On 5 April 1968, Flight Lieutenant Alan Pollock, a flight commander in No. 1 (Fighter) Squadron RAF, was most displeased with a shifting emphasis from manned aircraft towards guided missiles, concurrently, the fact that that no aerial displays had been planned to mark the RAF's 50th anniversary.
Pollock decided on his own initiative to mark the occasion of the RAF anniversary with an impromptu unauthorized display.
His flight of four Hawker Hunter FGA.9 Royal Air Force fighters had departed the soon-to-be-closed RAF Tangmere in Sussex, to return to RAF West Raynham in Norfolk; a route that took them directly over London...
Immediately after takeoff, Pollock broke from the flight and dropped his Hawker Hunter to lower altitude. Having "beaten up" Dunsfold Aerodrome (Hawker's home airfield), he then directed his Hawker Hunter FGA.9, over London at low level, circling the Houses of Parliament three times as a demonstration against Prime Minister Harold Wilson's government, then a solitary ceremonial salute over the Royal Air Force Memorial, and finally flew that jet directly under the top span of Tower Bridge.
Flight Lieutenant Alan Pollock later wrote of the decision to fly through Tower Bridge: "Until this very instant I'd had absolutely no idea that, of course, Tower Bridge would be there. It was easy enough to fly over it, but the idea of flying through the spans suddenly struck me. I had just ten seconds to grapple with the seductive proposition which few ground attack pilots of any nationality could have resisted. My brain started racing to reach a decision. Years of fast low-level strike flying made the decision simple . . ."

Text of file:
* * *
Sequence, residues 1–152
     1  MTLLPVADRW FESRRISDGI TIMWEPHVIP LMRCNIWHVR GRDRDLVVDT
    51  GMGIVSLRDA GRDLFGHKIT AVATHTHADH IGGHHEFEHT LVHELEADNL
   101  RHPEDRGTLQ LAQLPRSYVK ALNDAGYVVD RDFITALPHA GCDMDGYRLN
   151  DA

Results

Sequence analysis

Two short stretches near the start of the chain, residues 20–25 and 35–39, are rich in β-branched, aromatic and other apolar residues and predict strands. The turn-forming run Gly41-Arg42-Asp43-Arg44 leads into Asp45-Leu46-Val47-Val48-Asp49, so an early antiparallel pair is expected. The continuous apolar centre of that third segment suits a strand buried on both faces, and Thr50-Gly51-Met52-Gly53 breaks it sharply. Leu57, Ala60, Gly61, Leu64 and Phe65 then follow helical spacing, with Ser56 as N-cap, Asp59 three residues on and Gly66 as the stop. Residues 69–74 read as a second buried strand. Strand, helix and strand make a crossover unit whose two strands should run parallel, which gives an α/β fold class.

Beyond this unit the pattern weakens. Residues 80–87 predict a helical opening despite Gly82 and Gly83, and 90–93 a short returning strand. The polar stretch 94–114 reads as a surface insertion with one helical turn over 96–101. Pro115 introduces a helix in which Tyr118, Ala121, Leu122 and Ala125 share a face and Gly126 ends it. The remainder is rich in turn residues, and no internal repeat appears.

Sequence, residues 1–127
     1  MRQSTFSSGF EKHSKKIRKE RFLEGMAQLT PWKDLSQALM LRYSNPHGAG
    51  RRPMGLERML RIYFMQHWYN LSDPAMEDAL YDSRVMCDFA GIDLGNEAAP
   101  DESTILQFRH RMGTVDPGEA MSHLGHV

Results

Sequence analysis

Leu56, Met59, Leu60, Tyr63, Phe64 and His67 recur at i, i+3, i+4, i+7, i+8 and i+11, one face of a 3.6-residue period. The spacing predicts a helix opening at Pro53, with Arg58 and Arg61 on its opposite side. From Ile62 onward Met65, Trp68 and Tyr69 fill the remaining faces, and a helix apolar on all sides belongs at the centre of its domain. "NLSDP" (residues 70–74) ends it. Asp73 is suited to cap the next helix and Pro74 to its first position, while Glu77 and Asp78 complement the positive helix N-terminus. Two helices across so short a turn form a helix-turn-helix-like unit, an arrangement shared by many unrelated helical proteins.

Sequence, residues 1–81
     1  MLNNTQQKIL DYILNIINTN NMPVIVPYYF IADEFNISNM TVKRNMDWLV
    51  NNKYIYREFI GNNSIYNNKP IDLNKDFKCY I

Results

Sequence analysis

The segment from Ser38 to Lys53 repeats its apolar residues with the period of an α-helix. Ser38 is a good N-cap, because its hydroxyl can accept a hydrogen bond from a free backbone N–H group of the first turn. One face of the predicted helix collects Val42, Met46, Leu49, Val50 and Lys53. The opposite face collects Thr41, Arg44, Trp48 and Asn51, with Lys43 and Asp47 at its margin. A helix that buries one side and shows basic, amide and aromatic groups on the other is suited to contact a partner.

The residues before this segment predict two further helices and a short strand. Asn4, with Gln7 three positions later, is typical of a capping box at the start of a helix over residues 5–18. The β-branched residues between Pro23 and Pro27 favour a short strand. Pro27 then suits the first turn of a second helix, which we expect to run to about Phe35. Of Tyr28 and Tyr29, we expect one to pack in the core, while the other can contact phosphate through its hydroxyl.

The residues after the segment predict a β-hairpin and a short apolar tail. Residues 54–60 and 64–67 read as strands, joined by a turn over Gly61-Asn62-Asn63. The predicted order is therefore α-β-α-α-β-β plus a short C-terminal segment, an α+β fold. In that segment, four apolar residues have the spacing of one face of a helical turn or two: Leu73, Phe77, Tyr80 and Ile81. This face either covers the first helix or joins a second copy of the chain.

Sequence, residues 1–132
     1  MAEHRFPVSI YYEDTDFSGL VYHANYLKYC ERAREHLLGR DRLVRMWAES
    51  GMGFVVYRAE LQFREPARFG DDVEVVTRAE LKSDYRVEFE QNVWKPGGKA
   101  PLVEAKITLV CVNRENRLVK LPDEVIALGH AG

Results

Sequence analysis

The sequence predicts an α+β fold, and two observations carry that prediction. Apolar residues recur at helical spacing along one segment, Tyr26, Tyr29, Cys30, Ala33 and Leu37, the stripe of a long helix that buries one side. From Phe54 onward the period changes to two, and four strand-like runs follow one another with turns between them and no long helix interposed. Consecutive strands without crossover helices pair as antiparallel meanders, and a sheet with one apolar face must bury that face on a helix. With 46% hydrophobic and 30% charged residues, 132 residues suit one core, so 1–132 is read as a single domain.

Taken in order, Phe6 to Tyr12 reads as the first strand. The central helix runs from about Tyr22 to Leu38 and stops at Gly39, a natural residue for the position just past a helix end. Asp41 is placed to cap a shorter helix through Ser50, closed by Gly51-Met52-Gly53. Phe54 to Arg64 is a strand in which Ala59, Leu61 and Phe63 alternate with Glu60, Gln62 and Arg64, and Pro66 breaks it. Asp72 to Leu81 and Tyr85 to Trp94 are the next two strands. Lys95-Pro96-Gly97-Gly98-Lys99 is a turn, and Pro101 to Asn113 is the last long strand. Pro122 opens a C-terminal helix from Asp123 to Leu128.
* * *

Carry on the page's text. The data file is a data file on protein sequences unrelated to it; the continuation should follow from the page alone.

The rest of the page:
Knowing that he was likely to be stripped of his flying status as a result of this display, he proceeded to "beat up" several airfields (Wattisham, Lakenheath and Marham) in inverted flight at an altitude of about 200 feet en route to his base at RAF West Raychem, where, within the hour, he was formally arrested.